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Once a final judgement in the relevant domestic proceedings is received, the applicant must lodge a complaint with the European Court of Human Rights within six months. Where a law in force constitutes a continuing violation, the application may be made at any time. If the applicant is initially unaware of the violation, the six-month limit begins to run from when he/she becomes aware of the violation. The application cannot have been previously submitted to another body of international investigation, such as the Human Rights Committee. Investigation and Decision There may be an exchange of written pleas on both admissibility issues and on the substantive merits of an application. Each party can comment on the submissions made by the other party. The process is usually conducted through written arguments only, although the Court may hold an oral hearing on admissibility or the merits or both. Again, each side is represented at any hearings, and the entire procedure is based on equality between the applicant and the government involved. NGOs may be asked to provide expert evidence or to appear as witnesses, and minorityrights advocates should be aware of the possibility of submitting an amicus curiae brief to the Court if a case is of particular concern. This procedure is called a third-party intervention and may be sought once a case has been declared admissible. It offers the possibility of providing useful information to the Court on an issue that may have a direct impact on minority rights beyond the scope of the particular case at hand. An NGO interested in intervening should write to the President of the Court for permission to intervene in a case. The Court examines the merits of the case through the written arguments and may hear witnesses or even travel to the country concerned if deemed necessary. The Court will seek to reach a friendly settlement, if that is possible, but this happens only if both sides agree. The Court deliberates in private, but its judgement is public and is communicated immediately to both parties. The Court has limited its judgements to determining whether or not there has been a violation of the Convention and awarding monetary damages and costs when a violation is found. The Court does not issue orders to governments, e.g., to release a prisoner, change its laws, or institute criminal proceedings against those guilty of violating a person's rights. As noted above, the Court's judgement is legally binding on States. Ensuring compliance with a decision of the Court is a matter for the Committee of Ministers under Article 46.2 of the Convention, although the great majority of States readily comply with the Courts judgements. There is no right of appeal after a judgement is handed down. However, a seven-judge Chamber may relinquish jurisdiction over a case in favour of a "Grand Chamber" of seventeen judges when the case involves a serious issue of general importance or a question affecting the interpretation or application of the Convention.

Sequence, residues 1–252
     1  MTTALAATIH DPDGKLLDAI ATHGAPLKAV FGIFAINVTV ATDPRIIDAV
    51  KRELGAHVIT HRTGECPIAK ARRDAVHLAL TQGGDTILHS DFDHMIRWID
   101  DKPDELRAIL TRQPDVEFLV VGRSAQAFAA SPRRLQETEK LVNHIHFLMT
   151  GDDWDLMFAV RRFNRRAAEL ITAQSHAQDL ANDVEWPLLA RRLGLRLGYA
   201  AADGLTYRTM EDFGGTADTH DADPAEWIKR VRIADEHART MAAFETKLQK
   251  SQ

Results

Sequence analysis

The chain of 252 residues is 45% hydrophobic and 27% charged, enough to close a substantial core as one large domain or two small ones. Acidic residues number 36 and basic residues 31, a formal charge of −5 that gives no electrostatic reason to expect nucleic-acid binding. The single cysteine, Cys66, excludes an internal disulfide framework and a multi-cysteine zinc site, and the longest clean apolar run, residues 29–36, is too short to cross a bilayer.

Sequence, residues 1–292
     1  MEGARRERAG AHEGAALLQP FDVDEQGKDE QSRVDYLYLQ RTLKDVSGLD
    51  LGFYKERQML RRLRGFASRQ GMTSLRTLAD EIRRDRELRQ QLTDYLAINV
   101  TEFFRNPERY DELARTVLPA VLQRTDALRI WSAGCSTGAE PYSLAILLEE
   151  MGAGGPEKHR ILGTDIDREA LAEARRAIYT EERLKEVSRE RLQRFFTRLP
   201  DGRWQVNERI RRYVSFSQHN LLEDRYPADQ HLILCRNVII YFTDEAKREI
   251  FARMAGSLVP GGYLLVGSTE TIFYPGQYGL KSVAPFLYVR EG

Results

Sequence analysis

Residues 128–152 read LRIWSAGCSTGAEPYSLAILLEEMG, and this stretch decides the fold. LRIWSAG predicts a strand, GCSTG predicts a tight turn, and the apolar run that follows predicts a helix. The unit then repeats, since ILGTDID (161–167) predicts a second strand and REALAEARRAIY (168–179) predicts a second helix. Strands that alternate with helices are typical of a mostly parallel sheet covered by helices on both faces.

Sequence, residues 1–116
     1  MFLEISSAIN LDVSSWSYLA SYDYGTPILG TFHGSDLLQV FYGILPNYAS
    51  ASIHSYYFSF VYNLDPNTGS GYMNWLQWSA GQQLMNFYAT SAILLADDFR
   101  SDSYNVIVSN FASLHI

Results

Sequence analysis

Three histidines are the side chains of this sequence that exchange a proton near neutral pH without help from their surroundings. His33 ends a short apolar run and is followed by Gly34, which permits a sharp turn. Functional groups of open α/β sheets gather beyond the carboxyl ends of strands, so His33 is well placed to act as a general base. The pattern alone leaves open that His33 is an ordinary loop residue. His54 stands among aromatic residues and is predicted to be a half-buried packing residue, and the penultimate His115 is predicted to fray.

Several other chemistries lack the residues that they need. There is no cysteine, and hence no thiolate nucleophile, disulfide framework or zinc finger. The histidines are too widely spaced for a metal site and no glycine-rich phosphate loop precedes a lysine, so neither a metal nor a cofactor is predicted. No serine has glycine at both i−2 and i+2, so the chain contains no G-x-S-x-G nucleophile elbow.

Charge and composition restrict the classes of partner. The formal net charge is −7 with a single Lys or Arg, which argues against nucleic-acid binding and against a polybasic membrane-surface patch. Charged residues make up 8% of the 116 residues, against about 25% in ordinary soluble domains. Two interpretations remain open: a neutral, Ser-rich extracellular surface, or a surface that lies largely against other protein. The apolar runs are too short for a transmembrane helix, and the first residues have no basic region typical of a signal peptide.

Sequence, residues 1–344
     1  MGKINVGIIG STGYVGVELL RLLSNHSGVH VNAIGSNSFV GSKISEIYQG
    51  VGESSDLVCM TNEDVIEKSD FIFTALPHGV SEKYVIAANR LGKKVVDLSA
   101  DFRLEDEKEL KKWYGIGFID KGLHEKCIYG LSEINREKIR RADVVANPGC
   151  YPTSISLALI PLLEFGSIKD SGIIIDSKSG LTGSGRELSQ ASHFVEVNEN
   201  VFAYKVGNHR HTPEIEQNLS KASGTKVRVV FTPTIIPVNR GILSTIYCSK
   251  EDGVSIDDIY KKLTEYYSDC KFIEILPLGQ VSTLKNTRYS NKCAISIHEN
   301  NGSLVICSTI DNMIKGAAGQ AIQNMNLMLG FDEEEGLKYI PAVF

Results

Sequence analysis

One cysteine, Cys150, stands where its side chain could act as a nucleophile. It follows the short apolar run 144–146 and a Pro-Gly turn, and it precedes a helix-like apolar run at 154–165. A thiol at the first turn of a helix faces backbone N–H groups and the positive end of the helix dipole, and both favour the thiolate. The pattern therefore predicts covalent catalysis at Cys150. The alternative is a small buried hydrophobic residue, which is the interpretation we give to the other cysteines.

Urgent Cases

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The Court may grant priority to urgent cases, but this is very rare. You should not request that an application be given priority unless there is a very good reason for doing so. The Court also may propose interim measures when there is an imminent, real, and serious risk to the life of the applicant. The Court can request that the State either refrain from the potentially harmful actions or undertake other actions to protect the applicant. States are not obliged to comply, but they generally do. The measures sought and the reasons for seeking them must be indicated on the application form. The Impact of Strasbourg on Minority Rights The above summary suggests ways in which the ECHR can protect minority rights, but you should bear in mind that this is not the primary task of the Convention. In many respects, the Convention addresses a fairly narrow range of rights. There is a risk that, if a minority group tries to assert minority rights per se, the claim might be dismissed as beyond the scope of the Convention and may therefore be considered "manifestly illfounded". Furthermore, even when a violation is found, it is still up to the State involved to provide remedies beyond damages, such as amending an offending piece of legislation. The Court does not act as an appellate court from domestic decisions. It will only consider whether or not a State has fulfilled its obligations under the Convention, not whether it might have adopted different or even better policies. At the same time, however, the Strasbourg system is perhaps the most legally powerful mechanism for protecting human rights in the world. It resembles a domestic court proceeding in both its sophistication and in the equality it maintains between the parties involved. It is unlikely to be the first forum to which a minority group may turn, and it cannot consider the general situation of minority rights within a country. Nevertheless, it should be considered a potentially useful tool in the right circumstances. States Parties to the European Convention on Human Rights Albania, Andorra, Austria, Belgium, Bulgaria, Croatia, Cyprus, Czech Republic, Denmark, Estonia, Finland, France, Georgia, Germany, Greece, Hungary, Iceland, Ireland, Italy, Latvia, Liechtenstein, Lithuania, Luxembourg, Malta, Moldova, Netherlands, Norway, Poland, Portugal, Romania, Russia, San Marino, Slovak Republic, Slovenia, Spain, Sweden, Switzerland, The Federal Republic of Macedonia, Turkey, Ukraine, the United Kingdom of Great Britain and Northern Ireland.

Further Information and Contacts All communication with the Court should be sent to: The Registrar European Court of Human Rights Council of Europe F-67075 Strasbourg Cedex France tel. +33 3-88-41-27-18; fax: +33 3-88-41-27-30

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The primary publication containing the European Convention, Rules of Procedure of the Court and other information is European Convention on Human Rights: Collected Texts, published by the Council of Europe. Individual decisions and judgements of the Court are issued in soft-cover format when they appear and are collected in Reports of Judgements and Decisions, both of which are available from the Council of Europe. The Council of Europe also publishes an annual Yearbook of the European Convention on Human Rights, which contains a selection of the most important cases and information on the Convention's application in domestic law. Texts of the Court's jurisprudence and additional information about the Court may be found on its website: Notes for the guidance of persons wishing to apply to the European Court of Human Rights may be found at A great number of books have been written on the Strasbourg system concerning both specific rights and the system as a whole. Two authoritative analyses are D.J. Harris, M. O'Boyle, and C. Warbrick, Law of the European Convention on Human Rights (1995), and P. Van Dyke and G.J.H. Van Hoof, Theory and Practice of the European Convention on Human Rights (1998).

Pamphlet No. 7 of the UN Guide for Minorities